[mythtv-users] Commercial Flagging Idea - Distributed Commercial
Christopher David Petersen
christopher.david.petersen at gmail.com
Thu Apr 14 19:33:06 UTC 2005
I'm starting this thread so I don't pollute the discussion of fingerprinting
for commercial flagging (which is a brilliant, but separate idea).
This thread is meant to discuss that idea of distributed commercial
flagging (DCF) via existing algorithms to reduce load and increase accuracy.
In brief, here's the basic idea:
1) Collect commercial flagging information from participating users at a
central server (hopefully, this isn't a DMCA violation).
2) Analyze the data to determine groups of users who have performed
3) Analyze the data to predict groups of users who will be performing
4) Distribute the future duplicate work among the users to reduce each users
Here's an example using _Lost_ and _Alias_ (chosen for their short names):
- 23 users with Comcast Analog Basic Cable service in Portland, OR record
and flag new episodes of _Lost_ and _Alias_ each week.
- These users use a variety of commercial flagging methods.
- The machines have a variety of available CPU power.
- 23 users submit data to the DCF server via a secured and anonymous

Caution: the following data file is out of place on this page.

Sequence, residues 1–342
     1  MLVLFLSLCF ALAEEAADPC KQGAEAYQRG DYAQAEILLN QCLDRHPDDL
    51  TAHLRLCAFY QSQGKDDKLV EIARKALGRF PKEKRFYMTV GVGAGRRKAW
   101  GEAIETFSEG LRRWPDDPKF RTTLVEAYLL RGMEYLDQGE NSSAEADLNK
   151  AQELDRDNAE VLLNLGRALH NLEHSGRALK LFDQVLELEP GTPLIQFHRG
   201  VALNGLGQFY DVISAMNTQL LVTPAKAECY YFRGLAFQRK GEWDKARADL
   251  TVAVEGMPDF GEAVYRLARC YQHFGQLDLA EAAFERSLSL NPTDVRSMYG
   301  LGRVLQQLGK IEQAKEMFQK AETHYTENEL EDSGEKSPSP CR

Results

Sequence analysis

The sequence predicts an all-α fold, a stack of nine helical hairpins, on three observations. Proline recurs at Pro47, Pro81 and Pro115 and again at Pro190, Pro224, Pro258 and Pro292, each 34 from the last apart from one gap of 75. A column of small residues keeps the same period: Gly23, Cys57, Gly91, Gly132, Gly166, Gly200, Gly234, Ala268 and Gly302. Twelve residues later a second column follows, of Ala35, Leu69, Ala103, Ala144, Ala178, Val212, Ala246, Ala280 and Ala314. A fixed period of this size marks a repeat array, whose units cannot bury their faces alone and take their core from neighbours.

interface. This data includes, which shows they flagged and the start and
end times of each commercial segment. All times are synchronized, to the DCF
server's highly-accurate clock (more on this later).
- After submitting each show's data, the DCF server indicates to the client
whether the client can join a "partnership".
- "Partnerships" are created when the DCF server determines that 2 or more
users are performing (and will perform) duplicate work (with similar output)
for 1 or more shows.
- 10 users are invited to join the new partnership for new episodes of
_Lost_ and _Alias_ on Comcast Analog Basic Cable, Portland, OR. These ten
users are invited because they're machines are of similar power (i.e.
commercial flagging occurs after a similar delay and in a similar amount of
time). These users are now "Partners" within the "Partnership".
- At first, none of the partners are "trusted" or have earned any "credits"
within the partnership. As partners submit more data they earn more credits.
The exact amount they earn per submission is weighted by how much they are
trusted (their "fidelity" factor") and the accuracy of the submitted data
(how similar it is to other data). Once partners have earned enough credits,
they can "purchase" data from the partnership.
- After N weeks, only 7 users have earned enough credits to share data.
- 3 partners are selected to flag next week's episode of _Lost_.
- 4 partners are selected to flag next week's episode of _Alias_.
- Of the 3 partners selected to flag _Lost_, all do so and submit their
- Of the 4 partners selected to flag _Alias_, only 3 do so and submit their
data. The 1 user who did not submit data has lessened his "fidelity" factor.
- The 6 partners who submitted data, earn credits and increase their
- The 3 partners who *do not* have _Lost_ flag data spend credits to